While the provincial government is looking at possibly bringing in unpaid work days for public sector employees, local school divisions have the option of choosing a different route.
The provincial government under Premier Brad Wall has been searching for ways to reduce the $1.2 -billion deficit. Wall, while attending the Saskatchewan Urban Municipalities Association convention earlier this month, told the Crown nothing was off the table to find savings. The most recent option now being considered is having public-sector employees take unpaid days off.
The possible move echoes what then NDP Premier Bob Rae did in the early 90s, which were later called Rae Days.
Robert Bratvold, the director of education for Sask. Rivers School Division, said school divisions aren’t under the same structure as the provincial government.
“The government can’t determine what school boards do or don’t do with their employee groups and their contracts,” he said. “If the government makes a decision on public employees requiring them to take one unpaid day per month or something like that, that can’t apply to school employees under current legislation.”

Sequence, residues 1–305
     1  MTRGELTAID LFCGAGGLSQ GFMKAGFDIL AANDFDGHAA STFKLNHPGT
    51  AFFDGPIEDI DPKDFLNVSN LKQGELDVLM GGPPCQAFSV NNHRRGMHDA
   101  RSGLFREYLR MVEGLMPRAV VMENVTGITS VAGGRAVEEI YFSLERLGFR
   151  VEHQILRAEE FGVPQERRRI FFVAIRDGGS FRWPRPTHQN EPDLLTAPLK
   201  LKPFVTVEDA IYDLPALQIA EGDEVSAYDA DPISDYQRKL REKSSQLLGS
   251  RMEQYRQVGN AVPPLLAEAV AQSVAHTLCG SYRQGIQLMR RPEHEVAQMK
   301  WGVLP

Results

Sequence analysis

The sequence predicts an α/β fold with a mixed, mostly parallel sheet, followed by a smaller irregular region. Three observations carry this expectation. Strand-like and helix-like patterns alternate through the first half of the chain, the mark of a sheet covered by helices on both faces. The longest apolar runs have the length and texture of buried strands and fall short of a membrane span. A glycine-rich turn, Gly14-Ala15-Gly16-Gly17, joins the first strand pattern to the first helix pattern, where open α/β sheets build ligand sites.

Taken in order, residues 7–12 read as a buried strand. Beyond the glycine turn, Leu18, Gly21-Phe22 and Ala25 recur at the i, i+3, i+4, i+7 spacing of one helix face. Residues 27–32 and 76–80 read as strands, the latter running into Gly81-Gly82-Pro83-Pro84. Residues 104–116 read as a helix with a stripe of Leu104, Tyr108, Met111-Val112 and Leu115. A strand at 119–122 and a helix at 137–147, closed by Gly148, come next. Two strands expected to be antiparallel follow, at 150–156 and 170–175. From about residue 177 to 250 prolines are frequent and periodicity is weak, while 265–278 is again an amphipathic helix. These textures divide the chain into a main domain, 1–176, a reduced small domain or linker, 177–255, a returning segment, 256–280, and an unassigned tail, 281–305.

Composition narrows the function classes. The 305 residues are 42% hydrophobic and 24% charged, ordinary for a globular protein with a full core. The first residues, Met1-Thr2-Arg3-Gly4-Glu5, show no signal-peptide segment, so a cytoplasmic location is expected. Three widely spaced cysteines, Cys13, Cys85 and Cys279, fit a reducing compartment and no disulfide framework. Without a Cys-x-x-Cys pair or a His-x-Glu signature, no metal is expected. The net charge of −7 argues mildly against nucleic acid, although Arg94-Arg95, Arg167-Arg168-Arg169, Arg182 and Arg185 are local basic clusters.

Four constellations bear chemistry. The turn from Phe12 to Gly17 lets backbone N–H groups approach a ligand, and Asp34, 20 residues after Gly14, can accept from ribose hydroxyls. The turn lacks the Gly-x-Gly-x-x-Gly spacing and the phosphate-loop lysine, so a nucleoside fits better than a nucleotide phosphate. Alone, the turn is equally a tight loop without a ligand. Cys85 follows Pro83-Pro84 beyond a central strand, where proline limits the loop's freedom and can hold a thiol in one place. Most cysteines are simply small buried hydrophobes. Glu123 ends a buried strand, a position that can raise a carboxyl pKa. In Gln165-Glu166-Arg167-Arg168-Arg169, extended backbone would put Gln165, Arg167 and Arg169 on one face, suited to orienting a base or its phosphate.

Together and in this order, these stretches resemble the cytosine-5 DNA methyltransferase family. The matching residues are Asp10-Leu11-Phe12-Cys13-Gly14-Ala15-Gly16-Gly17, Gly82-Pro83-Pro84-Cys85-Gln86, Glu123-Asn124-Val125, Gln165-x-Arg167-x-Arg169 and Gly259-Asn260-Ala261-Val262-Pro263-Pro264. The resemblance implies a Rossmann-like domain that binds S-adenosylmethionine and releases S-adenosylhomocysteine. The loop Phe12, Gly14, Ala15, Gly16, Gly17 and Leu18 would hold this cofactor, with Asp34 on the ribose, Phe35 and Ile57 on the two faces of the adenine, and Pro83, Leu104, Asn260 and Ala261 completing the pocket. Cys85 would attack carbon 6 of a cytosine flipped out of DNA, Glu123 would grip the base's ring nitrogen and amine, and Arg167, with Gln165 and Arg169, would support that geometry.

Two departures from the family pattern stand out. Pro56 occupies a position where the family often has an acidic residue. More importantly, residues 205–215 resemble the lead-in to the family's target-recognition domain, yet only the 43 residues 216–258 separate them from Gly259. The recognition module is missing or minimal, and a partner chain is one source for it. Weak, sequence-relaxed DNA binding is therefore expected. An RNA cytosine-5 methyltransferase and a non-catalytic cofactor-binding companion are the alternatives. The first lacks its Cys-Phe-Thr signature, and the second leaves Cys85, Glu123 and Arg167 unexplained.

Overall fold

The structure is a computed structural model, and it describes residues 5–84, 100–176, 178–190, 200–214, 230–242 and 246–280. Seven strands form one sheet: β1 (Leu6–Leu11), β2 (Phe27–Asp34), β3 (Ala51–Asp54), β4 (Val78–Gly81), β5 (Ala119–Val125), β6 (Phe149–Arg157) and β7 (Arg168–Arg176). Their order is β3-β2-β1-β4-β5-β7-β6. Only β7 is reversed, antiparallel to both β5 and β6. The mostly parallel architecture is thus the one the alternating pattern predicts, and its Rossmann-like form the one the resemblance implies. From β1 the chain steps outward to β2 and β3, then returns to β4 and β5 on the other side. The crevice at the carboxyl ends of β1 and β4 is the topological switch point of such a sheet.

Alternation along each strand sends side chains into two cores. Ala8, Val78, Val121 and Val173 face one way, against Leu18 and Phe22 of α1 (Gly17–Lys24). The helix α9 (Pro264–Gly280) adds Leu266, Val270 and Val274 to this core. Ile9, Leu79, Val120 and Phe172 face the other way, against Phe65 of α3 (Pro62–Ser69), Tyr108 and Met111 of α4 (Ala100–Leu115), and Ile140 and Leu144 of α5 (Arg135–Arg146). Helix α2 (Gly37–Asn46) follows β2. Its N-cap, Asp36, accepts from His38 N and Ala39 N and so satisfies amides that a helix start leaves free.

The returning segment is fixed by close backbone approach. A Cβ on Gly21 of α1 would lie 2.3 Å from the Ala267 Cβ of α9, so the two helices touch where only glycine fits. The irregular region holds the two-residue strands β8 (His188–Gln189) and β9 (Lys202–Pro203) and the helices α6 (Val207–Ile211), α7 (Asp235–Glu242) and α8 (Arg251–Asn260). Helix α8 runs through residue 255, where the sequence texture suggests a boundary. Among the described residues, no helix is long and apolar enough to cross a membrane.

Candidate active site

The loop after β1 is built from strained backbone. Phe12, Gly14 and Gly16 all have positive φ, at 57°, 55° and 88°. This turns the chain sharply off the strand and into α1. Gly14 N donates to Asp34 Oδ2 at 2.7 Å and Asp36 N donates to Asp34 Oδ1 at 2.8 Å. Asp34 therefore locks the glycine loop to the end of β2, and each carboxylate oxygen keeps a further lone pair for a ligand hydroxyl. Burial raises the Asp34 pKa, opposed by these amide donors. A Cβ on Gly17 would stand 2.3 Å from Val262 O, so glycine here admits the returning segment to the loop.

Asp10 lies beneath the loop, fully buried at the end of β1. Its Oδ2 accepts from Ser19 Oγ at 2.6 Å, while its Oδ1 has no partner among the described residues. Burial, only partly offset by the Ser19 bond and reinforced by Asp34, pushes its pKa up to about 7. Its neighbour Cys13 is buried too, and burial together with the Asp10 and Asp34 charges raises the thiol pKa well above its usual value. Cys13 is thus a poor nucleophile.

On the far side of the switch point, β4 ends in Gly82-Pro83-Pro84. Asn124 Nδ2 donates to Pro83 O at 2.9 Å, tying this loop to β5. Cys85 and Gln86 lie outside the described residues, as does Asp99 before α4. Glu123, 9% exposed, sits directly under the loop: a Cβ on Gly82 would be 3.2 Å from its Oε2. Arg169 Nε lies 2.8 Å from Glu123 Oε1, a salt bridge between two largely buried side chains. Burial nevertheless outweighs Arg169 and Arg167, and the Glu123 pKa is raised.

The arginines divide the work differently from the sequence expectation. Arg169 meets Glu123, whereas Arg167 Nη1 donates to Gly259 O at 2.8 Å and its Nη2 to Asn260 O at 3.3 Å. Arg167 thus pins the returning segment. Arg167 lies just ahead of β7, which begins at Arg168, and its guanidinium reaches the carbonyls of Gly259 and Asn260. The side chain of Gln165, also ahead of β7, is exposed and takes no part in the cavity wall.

While teachers and other school employees are protect from those government decisions, Bratvold points out the division will still be affected by the challenges the province faces. He said that in turn could mean staffing levels could be impacted.
The provincial teachers’ agreement is up in August but the local teacher agreement doesn’t expire until 2019. Bratvold added the agreement with the local Canadian Union of Public Employees doesn’t expire until 2020.
Following the announcement unpaid work days could be brought in, unions across the province have taken a strong stance against the idea.
The Saskatchewan Government and General Employees’ Union (SGEU) in a media release on Thursday decried the government’s proposal. The SGEU argued the unpaid days would amount to a pay cut, which could cause hard to the economy.
Bob Bymoen, president of SGEU, said in the release the government’s decision to announce wage rollbacks and job cuts were a calculated move to make mandatory unpaid days off seem more attractive.
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